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Blizzard: Anonymity suspends reality

Real ID furore "kind of a side thing".

World of Warcraft and StarCraft II creator Blizzard's recent kafuffle with its fans over the use of Real ID in its forums has taught it a valuable lesson: gamers like anonymity because it ties into their desire to suspend reality.

"That's been a very interesting thing for us to wrap our heads around at Blizzard," Battle.net project director Greg Canessa told Gamasutra.

Weeks before StarCraft II was released Blizzard about-turned on its plan to force gamers to use their real names when posting in its forum.

Real ID, as it's called, stores real first names and surnames so that other people can befriend gamers across multiple titles and recognise their real-life friends.

Canessa said Blizzard was "surprised" by the controversy Real ID sparked, and highlighted the disparity between gamers' desire for anonymity and what people are willing to divulge on social networking sites like Facebook.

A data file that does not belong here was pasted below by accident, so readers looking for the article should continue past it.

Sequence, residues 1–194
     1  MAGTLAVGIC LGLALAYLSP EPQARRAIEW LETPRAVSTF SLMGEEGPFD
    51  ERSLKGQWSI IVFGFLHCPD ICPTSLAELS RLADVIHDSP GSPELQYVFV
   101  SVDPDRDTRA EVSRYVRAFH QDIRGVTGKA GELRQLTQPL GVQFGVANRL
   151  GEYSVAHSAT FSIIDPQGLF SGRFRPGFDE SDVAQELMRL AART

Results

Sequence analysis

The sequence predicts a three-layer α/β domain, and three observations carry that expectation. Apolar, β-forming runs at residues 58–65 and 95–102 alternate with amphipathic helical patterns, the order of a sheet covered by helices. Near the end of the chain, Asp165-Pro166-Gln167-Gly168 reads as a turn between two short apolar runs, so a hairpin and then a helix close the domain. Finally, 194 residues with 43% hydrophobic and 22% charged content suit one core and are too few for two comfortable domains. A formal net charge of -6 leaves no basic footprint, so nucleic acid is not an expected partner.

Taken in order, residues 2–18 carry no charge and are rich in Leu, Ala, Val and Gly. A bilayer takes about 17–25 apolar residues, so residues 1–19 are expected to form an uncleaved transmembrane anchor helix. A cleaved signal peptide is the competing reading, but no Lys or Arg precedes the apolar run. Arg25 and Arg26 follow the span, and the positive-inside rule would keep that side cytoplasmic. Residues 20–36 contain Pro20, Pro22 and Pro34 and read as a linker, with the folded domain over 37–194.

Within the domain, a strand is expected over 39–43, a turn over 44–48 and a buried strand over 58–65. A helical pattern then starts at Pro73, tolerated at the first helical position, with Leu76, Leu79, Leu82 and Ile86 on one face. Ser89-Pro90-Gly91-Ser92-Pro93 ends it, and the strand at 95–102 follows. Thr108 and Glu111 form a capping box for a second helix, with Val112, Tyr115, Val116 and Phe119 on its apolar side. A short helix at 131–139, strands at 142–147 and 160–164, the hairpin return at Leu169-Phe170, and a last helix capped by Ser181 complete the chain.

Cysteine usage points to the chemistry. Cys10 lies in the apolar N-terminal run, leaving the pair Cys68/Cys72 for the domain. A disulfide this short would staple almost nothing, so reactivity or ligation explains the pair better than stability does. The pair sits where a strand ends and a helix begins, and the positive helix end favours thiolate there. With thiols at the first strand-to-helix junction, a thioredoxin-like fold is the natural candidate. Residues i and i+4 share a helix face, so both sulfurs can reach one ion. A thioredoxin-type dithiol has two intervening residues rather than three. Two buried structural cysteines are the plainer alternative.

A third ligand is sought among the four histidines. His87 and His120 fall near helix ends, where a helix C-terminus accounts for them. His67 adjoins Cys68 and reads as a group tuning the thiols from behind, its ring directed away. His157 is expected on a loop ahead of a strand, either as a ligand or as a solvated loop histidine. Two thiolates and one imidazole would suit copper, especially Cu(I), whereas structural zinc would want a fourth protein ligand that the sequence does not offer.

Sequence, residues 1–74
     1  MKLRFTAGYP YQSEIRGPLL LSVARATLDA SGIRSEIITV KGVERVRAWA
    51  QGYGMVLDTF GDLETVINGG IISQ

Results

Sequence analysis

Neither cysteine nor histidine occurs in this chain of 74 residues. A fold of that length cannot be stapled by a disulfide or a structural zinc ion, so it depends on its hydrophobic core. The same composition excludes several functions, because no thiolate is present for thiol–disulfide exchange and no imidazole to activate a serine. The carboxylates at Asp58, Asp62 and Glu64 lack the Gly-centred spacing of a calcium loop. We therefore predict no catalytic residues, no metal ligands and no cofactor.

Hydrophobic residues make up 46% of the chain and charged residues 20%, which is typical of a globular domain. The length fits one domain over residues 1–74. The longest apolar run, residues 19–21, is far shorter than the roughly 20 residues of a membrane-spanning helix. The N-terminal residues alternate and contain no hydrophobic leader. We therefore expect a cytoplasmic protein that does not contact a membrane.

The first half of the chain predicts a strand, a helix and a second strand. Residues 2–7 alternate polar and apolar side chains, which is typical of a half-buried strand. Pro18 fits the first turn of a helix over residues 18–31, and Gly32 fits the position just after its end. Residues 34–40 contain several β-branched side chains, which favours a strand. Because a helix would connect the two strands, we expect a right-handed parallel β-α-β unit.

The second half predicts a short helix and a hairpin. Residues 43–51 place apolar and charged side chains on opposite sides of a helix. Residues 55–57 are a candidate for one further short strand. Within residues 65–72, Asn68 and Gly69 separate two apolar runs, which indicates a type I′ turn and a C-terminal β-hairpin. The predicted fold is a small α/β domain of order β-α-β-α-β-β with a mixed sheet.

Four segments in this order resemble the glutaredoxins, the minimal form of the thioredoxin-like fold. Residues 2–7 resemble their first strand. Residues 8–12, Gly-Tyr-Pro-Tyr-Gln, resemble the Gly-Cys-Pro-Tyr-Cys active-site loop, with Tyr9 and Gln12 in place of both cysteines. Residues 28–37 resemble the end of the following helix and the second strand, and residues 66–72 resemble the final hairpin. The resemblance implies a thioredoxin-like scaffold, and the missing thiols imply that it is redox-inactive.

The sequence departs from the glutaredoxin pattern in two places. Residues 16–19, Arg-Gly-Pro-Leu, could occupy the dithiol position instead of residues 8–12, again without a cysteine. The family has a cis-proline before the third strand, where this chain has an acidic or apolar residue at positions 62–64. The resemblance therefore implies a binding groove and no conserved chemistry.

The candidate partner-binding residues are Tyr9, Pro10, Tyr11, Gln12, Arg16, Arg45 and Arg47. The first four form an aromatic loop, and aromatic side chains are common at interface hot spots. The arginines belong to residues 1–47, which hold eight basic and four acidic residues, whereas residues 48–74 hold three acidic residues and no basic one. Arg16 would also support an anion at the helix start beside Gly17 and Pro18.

Being "someone else" is actually part of the gameplay, and just because people are okay with being open about their identities on Facebook, that openness doesn't necessarily translate to games.

"I think it's an interesting sociological phenomenon that you have, in which people are completely comfortable putting their name, face, kids, wife and personal information out there for the world to see in Facebook, yet they're not willing to do, in some cases, similar things in the game space," he said.

"We were a little surprised by the controversy [about requiring real names on forums], mostly because it was kind of wag the dog. It was not where our focus was [for Real ID]."

The focus, rather, is on Blizzard's branding for community features that use real names as a basis for an in-game social suite that includes cross-game chat and Real ID friend discovery.

"That part was really, really positive, and that's where the Battle.net team has been focused," Canessa said.

"The forum stuff was kind of a side thing. The forums aren't that big of a deal relative to Blizzard's overall business. And so we were a little surprised. ... [But] we listen to our community. They didn't like it, and we quickly moved off of it."

StarCraft II was aces. Oli gave it 9/10 in his review.